Historically, Indigo Girls fans seem to be split about whether they like the duo better with a full band or in an acoustic setting.
So for their next record, the Girls will give them both.
Amy Ray and Emily Saliers are recording tracks for their February 2009 release with a full band, and then re-recording those same songs with just the two of them on acoustic guitar.
“The double release will be something different,” Saliers said. “We thought it’d be an interesting way to present the songs both ways.”
And they can explore those sort of avenues these days, as that new album will be the first they’ve released independently since their 1987 debut, “Strange Fire,” released back in the days when they were fresh out of Emory University and playing clubs in Atlanta. The band spent about 20 years with Epic Records but jumped to Hollywood Records for their 10th studio album, 2006’s “Despite Our Differences.” The label dropped them shortly after, but the newfound independence doesn’t faze them.
“We don’t need a record label. We’re done with that,” Saliers said. “They don’t do anything for most bands anymore. We’re fortunate in that we have a loyal fan base, so we don’t have to rely on radio. And it’s not like we’ve made a penny on royalties. We want to get the music out there and the way we do that is touring.”
Ray has some experience on that side of the business already: She launched her own independent label, Daemon Records, which has put out Ray’s solo albums, including the new “Didn’t It Feel Kinder,” as well as release by Rose Polenzani, Danielle Howle and the Athens Boys Choir. (Following the Girls’ fall dates, Ray will hit the road solo for a fall tour.)
That expertise came in handy once the band started recording on its own, Saliers said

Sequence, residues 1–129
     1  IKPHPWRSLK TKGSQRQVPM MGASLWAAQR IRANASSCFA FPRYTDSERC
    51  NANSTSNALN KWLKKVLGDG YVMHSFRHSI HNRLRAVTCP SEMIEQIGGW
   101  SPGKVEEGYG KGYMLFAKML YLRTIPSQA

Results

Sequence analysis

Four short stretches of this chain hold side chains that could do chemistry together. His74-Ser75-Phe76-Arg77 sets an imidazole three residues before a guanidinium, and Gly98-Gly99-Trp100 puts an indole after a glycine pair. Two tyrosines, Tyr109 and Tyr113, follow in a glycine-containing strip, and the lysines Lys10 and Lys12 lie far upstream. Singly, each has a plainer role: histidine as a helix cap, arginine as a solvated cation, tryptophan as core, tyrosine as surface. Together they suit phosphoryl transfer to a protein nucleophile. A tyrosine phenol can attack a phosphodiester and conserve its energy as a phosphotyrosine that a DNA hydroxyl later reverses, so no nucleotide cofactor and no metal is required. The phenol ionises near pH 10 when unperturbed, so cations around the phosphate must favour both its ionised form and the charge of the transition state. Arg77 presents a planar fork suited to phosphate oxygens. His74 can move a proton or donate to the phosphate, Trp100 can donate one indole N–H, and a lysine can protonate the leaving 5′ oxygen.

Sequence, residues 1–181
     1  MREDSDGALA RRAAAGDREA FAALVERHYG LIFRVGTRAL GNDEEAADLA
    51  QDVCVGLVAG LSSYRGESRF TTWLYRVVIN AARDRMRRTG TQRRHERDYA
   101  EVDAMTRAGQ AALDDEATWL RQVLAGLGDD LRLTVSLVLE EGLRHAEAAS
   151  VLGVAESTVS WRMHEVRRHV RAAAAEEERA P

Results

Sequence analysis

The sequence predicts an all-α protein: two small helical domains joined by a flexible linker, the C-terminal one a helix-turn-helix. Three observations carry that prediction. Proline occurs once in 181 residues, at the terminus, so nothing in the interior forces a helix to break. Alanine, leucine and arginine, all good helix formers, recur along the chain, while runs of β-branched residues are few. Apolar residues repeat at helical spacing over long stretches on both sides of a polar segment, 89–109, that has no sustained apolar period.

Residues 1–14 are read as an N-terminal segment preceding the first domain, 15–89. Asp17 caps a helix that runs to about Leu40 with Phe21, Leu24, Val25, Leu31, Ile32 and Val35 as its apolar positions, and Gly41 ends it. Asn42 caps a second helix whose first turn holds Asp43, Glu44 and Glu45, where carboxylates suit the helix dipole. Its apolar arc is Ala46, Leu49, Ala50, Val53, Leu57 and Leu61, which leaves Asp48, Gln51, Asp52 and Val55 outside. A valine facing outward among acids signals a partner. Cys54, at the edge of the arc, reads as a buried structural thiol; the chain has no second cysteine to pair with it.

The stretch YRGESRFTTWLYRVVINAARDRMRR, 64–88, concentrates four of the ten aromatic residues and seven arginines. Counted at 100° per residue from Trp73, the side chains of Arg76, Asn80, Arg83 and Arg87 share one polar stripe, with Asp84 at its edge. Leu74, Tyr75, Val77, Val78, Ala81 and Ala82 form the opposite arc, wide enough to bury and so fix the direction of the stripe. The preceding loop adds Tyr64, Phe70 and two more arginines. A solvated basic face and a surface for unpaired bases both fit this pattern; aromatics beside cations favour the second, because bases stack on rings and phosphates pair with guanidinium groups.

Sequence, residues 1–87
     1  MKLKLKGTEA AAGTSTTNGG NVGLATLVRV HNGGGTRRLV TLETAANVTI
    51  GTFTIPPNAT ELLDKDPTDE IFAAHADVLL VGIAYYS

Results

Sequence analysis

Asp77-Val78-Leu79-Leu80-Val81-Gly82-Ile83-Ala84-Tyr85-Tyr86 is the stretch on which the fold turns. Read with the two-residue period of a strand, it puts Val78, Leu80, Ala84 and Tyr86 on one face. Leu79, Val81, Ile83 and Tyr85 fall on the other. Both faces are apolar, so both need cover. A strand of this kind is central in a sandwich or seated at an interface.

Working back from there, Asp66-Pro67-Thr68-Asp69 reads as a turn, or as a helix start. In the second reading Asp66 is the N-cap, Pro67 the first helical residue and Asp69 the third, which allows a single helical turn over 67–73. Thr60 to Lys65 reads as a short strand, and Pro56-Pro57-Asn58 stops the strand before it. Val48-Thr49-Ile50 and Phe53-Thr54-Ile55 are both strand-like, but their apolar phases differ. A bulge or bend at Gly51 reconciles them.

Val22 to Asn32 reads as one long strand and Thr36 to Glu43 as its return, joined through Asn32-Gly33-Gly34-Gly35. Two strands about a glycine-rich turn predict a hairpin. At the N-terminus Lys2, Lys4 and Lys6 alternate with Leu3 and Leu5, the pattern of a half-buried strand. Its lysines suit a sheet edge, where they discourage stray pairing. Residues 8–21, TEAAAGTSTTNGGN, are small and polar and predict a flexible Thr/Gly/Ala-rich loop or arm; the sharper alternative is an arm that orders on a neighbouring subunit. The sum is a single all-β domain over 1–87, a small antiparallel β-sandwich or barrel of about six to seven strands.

Aside from the full band vs. acoustic experiment, their yet-to-be-titled release won’t be too far a departure from their previous records.
After 25 years together, the writing process remains the same: Ray and Saliers write separately then bring their songs together to find the places where each one fits into the other’s work. The style has led to a noted difference in song styles, especially lately: Ray’s tracks tend to be darker and edgier, while Saliers can be relied on for the wholesome, breezier ballads. But it’s a method that’s kept them together.
“That’s a huge part of us staying together for all these years,” Saliers said. “More than not, our differences hold us together.”
They’re also held together by the common causes they’re known for supporting, particularly those involving gay rights and environmental awareness.
But they’ve also managed to find divergent passions that Saliers credits to helping keep the band together. Ray manages her record label and maintains a solo music career, while Saliers has ventured into the restaurant business: Her Watershed restaurant in Atlanta is celebrating its 10th anniversary.
“When we come back to the Indigo Girls, it’s like coming home,” Saliers said. “But we know we can retreat from that. It’s not like we’re putting all our eggs in that basket.”
The Girls’ recent work reveals some unusual but rewarding detours:
“Rock and Roll Heaven’s Gate” - Ray, along with guest star Pink, laments the dismantling of her favorite bands over the Girls’ fiercest guitar attack ever.
“Pendulum Swinger” - Saliers knocks out these kinds of jangly, sweetly melodic tracks like it’s no trouble at all; this one particularly soars.
“Dairy Queen” - Ray breaks out the mandolin for a wistful tale of faded youth, set at the venerable home of the Mr. Misty.
“Shed Your Skin (Tom Morello Mix)” - Activist remixes activists on this serrated version of of the 1997 track, from the Girls’ “Rarities” compilation.
“Cold Shoulder” - A great, fuzzy rocker from Ray’s most recent solo CD, “Didn’t It Feel Kinder.”
“Clampdown”/“Mona Lisas and Mad Hatters” - Two choice covers from “Rarities”; the ladies slow the Clash track to a simmering indictment, and soar on the Elton John chestnut.
// Sound Affects
"The man whose songs were recorded by Johnny Cash, Alan Jackson, Ricky Skaggs, David Allan Coe, The Highwaymen, and countless others succumbs to time’s cruel cue that the only token of permanence we have to offer are the effects of shared moments and memories.READ the article